There is one more post to come from this trip — a visit to the Royal Tyrrell Museum of Palaeontology in Drumheller, Alberta.

The IPREP team just below Helen Lake on the hike to the Cambrian stromatolites.

The IPREP team just below Helen Lake on the hike to the Cambrian stromatolites.

Wooster geologist at Lake Louise, Banff National Park, Canada

August 10th, 2009

LAKE LOUISE, ALBERTA–On our free day the IPREP study group (this apparently means “International Paleontological Research Exchange Program”) drove to the spectacular Lake Louise in Banff National Park for a hike up the valley to the “Plain of Six Glaciers”. It was one of those many places where I know just how fortunate I am to be a geologist. The weather could not have been better, and there was even a tea house near the end of the trail for sandwiches, peachade, and perfect chocolate cake!

Lake Louise as seen from its outlet looking up the valley. Our hiking trail proceeded from here along the right side of the lake and up the valley almost to the ice of the hanging glaciers.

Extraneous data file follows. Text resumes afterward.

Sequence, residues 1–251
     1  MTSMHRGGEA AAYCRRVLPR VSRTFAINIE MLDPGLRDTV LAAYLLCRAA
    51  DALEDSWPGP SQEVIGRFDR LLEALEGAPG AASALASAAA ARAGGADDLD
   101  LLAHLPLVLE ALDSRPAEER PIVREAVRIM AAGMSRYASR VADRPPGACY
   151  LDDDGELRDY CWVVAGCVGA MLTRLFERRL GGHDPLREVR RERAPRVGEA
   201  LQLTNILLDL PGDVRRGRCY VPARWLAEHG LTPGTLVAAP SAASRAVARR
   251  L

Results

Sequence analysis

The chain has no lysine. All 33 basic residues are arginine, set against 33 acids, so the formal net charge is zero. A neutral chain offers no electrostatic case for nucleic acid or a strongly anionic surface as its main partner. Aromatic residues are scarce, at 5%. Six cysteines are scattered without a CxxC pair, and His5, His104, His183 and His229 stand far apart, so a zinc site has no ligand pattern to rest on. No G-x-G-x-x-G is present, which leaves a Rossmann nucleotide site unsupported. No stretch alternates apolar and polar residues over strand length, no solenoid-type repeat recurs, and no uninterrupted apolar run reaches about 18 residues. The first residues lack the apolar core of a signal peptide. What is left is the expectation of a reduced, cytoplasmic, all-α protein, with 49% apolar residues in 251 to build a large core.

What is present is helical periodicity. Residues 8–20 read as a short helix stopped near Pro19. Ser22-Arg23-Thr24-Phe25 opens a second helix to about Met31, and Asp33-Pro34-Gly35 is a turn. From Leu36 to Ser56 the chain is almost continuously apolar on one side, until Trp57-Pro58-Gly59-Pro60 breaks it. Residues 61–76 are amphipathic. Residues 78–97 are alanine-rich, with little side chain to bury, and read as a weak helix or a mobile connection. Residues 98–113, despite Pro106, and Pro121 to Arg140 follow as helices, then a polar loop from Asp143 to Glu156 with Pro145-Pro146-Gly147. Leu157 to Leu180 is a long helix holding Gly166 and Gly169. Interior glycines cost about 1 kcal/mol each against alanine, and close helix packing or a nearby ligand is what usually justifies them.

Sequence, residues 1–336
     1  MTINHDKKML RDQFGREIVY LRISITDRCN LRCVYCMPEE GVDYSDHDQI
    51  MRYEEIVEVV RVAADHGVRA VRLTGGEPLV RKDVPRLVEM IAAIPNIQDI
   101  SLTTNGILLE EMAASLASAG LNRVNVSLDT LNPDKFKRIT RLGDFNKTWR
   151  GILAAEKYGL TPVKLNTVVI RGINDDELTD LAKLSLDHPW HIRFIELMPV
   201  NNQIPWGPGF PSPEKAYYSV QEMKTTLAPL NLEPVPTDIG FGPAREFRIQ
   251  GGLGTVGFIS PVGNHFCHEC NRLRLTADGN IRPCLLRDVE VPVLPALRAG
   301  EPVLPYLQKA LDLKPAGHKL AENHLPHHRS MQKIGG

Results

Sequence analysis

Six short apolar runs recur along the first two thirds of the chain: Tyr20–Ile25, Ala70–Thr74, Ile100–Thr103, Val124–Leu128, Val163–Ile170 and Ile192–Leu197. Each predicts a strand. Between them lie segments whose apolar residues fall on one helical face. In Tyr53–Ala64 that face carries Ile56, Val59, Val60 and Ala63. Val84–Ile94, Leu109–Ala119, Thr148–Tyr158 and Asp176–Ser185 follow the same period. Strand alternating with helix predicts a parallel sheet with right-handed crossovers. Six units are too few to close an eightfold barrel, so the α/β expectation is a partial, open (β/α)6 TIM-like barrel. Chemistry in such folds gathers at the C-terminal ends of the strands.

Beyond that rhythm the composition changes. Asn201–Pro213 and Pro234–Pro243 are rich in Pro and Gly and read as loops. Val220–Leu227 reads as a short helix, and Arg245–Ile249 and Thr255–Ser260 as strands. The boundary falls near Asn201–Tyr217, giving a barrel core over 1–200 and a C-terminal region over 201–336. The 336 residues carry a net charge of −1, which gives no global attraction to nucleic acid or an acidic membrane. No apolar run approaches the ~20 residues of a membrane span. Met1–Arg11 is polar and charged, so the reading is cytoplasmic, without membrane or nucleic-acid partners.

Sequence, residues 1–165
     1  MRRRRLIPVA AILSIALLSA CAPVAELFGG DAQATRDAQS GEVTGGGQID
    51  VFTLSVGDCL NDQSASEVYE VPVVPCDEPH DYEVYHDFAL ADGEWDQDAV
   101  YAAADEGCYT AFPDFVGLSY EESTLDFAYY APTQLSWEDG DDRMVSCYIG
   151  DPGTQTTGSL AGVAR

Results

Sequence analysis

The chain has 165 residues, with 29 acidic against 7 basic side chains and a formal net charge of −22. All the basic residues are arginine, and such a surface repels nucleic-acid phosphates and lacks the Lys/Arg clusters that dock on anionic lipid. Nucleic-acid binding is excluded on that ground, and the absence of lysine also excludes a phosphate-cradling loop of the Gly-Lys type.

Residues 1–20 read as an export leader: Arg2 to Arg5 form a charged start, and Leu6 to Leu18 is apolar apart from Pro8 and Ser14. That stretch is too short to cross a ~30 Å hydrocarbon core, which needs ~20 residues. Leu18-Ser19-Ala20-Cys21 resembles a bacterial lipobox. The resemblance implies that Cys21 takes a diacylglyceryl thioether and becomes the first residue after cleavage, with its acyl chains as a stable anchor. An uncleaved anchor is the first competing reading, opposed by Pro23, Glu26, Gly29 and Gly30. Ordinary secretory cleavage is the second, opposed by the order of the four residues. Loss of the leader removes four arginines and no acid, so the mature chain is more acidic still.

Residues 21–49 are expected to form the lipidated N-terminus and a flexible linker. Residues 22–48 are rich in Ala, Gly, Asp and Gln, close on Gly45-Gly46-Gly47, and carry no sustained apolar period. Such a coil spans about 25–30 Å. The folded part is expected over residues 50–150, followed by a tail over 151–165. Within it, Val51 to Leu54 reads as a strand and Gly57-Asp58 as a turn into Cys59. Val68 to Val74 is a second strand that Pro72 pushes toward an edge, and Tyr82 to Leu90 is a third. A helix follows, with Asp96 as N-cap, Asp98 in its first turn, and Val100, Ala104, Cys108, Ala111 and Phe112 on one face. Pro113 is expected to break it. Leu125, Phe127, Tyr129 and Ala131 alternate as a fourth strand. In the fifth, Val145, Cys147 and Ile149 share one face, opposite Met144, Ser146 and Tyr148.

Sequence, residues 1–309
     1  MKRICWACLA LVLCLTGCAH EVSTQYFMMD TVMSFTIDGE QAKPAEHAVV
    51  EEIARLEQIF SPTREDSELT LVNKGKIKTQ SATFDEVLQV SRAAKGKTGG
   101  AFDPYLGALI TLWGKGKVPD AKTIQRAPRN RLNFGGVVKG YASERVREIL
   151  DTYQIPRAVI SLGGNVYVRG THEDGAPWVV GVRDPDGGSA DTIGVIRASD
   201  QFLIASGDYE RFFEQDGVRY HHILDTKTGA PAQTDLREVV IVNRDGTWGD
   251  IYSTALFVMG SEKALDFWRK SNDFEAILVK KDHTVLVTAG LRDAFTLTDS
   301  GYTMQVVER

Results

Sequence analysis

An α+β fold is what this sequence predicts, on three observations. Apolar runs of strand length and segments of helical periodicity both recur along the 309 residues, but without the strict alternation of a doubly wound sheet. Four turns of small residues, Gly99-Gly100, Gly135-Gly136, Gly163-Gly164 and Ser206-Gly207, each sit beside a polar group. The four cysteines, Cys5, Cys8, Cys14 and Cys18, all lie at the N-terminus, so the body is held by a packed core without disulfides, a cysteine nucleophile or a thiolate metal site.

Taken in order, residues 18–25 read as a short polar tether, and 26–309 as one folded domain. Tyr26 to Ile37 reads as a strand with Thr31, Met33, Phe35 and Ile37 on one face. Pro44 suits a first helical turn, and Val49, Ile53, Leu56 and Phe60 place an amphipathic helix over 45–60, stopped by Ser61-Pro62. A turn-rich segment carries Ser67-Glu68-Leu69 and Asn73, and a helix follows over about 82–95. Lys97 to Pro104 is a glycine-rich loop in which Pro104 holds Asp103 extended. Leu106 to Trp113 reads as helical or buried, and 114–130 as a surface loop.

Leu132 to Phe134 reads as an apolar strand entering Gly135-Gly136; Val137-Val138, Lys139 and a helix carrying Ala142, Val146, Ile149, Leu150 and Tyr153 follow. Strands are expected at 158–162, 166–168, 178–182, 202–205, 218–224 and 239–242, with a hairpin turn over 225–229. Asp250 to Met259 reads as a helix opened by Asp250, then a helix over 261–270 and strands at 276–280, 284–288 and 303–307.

Lake Louise as seen from its outlet looking up the valley. Our hiking trail proceeded from here along the right side of the lake and up the valley almost to the ice of the hanging glaciers.

We could not help but be delightfully distracted by these brilliant trace fossils in the rocks along the lake shore. The bilobed structure which looks like a deer footprint is an excavation made by a trilobite -- the trace fossil itself is called Rusophycus. The sinuous tubes are trails made by burrowing worms. These features protrude form the rock surface because they are actually on the bottom of the bed. Sediment filled the original holes and is now preserved as ... wait for it ... convex hyporeliefs.  You knew we had a name for it! (Middle Cambrian, Gog Formation).